LSWR desperately needs foster homes and we are asking for everyone’s help.  We don’t want to turn one Westie in need away.  If you have ever thought about fostering a Westie please go to our Application menu and complete a Foster Application.

Fostering: What’s It All About?994269_427169380723800_439143538_n

  • What exactly is “fostering” a pet?  Foster homes are the backbone of any rescue organization. The number of animals a rescue can help is only as good as the number of good foster homes an organization has available to it.  Foster parents are essentially temporary dog adopters. Fosters agree to take a dog into their homes and care for them as if they were their own, until they can be adopted by “forever” homes. A pet foster parent provides a safe and loving environment until they are adopted. In addition to affection, the foster parent provides basic care for the animals such as food, water, and shelter. When fostering a dog, the pet foster parent may teach him basic house manners.  As foster parents, your observations and feedback about the dog’s needs and temperament will help us place the dog in a suitable home.
  • What would I be expected to do as a foster parent?The main responsibility is to provide a clean, nurturing home, playtime and socialization until a permanent home is found. Food is provided for your foster.
  • Would I be responsible for my foster’s vet expenses?  No, LSWR will pay for all medical bills and food during the foster care period.


Intake is the first step of the process. All incoming animals must be coordinated into the rescue program by one of the Directors.  All rescues are seen by one of our vets to ensure they get the medical attention they need.  They will be cleared by our vets allowing them to go into their foster home.


Most of the time dogs will come in to your home directly from the vets’ office.


The next step is to evaluate your foster dog for all kinds of things. Firstly, you need to ascertain any medical issues that need to be addressed while the dog is in foster care.  For example, if the rescue dog had an ear infection when he/she came into the program and you notice that it’s not improving even after the medication, then inform LSWR so we can have a follow up appt with the vet that is treating him/her.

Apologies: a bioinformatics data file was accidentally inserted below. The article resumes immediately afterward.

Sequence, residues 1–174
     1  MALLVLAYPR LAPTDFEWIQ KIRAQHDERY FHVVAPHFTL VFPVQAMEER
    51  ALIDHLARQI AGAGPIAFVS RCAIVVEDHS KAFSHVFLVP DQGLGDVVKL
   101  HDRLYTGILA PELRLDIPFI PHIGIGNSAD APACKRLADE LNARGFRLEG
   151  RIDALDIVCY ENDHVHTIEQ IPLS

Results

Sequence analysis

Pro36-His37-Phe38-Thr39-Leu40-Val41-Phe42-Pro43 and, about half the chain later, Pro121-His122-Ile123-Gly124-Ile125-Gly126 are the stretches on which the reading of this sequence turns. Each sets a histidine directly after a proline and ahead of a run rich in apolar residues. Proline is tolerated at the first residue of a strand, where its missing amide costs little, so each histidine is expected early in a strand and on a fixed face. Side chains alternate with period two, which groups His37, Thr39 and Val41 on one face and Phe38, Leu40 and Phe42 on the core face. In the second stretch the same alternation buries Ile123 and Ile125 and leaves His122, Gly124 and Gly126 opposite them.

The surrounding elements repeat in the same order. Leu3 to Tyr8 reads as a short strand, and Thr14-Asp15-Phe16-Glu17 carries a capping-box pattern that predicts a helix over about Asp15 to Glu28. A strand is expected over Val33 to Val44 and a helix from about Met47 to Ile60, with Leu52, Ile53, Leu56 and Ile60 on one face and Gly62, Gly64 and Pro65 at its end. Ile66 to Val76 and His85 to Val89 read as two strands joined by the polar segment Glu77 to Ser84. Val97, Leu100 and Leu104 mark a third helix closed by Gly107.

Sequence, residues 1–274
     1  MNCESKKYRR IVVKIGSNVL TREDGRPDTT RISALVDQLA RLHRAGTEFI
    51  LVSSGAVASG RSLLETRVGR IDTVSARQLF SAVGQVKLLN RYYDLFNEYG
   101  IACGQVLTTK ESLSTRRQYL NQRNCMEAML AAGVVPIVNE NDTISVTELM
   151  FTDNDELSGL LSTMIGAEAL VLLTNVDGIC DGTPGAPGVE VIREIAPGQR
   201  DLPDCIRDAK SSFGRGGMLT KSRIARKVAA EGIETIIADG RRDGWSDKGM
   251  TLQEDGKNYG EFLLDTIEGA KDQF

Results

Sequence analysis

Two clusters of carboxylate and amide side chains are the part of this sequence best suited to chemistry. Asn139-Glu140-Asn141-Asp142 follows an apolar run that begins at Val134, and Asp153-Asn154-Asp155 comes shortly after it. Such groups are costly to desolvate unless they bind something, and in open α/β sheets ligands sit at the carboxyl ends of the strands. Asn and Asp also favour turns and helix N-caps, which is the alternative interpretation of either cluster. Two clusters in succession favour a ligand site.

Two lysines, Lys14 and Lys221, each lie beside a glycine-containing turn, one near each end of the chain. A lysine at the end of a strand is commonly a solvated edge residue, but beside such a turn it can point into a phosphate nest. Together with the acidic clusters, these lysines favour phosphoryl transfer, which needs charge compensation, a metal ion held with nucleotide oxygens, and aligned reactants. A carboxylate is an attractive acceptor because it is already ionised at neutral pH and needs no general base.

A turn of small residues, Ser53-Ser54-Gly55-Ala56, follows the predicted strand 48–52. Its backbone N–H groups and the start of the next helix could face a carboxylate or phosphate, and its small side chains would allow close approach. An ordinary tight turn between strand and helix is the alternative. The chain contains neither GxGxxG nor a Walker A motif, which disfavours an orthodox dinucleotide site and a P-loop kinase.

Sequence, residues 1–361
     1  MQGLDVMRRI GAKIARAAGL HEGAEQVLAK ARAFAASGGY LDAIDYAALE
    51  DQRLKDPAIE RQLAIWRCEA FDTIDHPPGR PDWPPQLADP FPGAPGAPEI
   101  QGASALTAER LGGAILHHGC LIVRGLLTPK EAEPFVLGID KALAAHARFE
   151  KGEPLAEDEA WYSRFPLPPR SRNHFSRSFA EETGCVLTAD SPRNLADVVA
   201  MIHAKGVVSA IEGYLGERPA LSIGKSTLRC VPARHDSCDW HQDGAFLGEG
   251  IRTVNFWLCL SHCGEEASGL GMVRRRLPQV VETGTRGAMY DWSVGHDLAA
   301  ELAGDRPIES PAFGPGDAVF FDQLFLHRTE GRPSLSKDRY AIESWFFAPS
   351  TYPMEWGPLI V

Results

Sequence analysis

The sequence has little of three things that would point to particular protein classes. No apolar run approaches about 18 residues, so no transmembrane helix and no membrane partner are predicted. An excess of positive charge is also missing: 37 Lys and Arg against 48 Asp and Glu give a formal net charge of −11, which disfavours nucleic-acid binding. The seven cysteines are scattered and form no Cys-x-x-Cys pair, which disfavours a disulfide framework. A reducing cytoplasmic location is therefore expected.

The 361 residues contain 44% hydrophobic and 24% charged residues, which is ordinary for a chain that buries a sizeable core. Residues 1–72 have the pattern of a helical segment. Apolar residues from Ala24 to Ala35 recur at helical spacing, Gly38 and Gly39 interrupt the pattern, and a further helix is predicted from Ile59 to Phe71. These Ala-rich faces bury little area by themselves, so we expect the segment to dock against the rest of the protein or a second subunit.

LSWR will pay for the medical care of the dog during the time it is being fostered, to include routine check-ups, vaccinations and treatment of emergencies should they arise. In order to control our expenses; however, the foster parent will utilize a veterinarian provided by LSWR and will notify appropriate LSWR Board Member prior to any medical treatment for the dog to ensure finances and treatment options are appropriately aligned.

Aside from regular day-to-day care (feeding, grooming, exercise), the responsibilities of a foster home may include basic training (housetraining, walking on leash, sit, down); behavior modification (to correct problems such as jumping, mouthing, barking, socialization and temperament evaluation (to determine whether the dog is good with different types of people and other animals); medical care (dispensing medication), and of course plenty of playtime and snuggling.

Keep us updated on your dog—Foster parents are expected to provide updates on the status and progress or news with your dog that we should know about.

After the dog has been nursed back to health and evaluated, LSWR begins the search for a permanent home.  Sometimes, LSWR has prospective adopters in mind so it may be a very quick turn around.

Never hand over the dog without consent—Foster parents should NEVER turn over their foster dog to a potential applicant

Fostering a dog may seem like a formidable task, but it is a very tangible way to make a difference. Everyone benefits: The foster volunteer gets to spend time with a special dog, The foster dog gets a second chance at becoming a cherished pet. The new owners get a dog that is better adapted to home life, and therefore has a better chance of remaining in the new home permanently.


Getting attached to your foster pet is normal. After all, all of us at LSWR do this because we love pets! The most common question we as foster parents are asked is how we can give them up. The answer is simple. It saves lives. It is hard to say goodbye to a pet we’ve fallen in love with, but the alternative is even sadder. We get the satisfaction of helping a previously lost and unwanted animal find a loving forever home. That makes it all worth it. The trick is to get attached with velcro and not glue.

So please, won’t you open up your home to help save a life?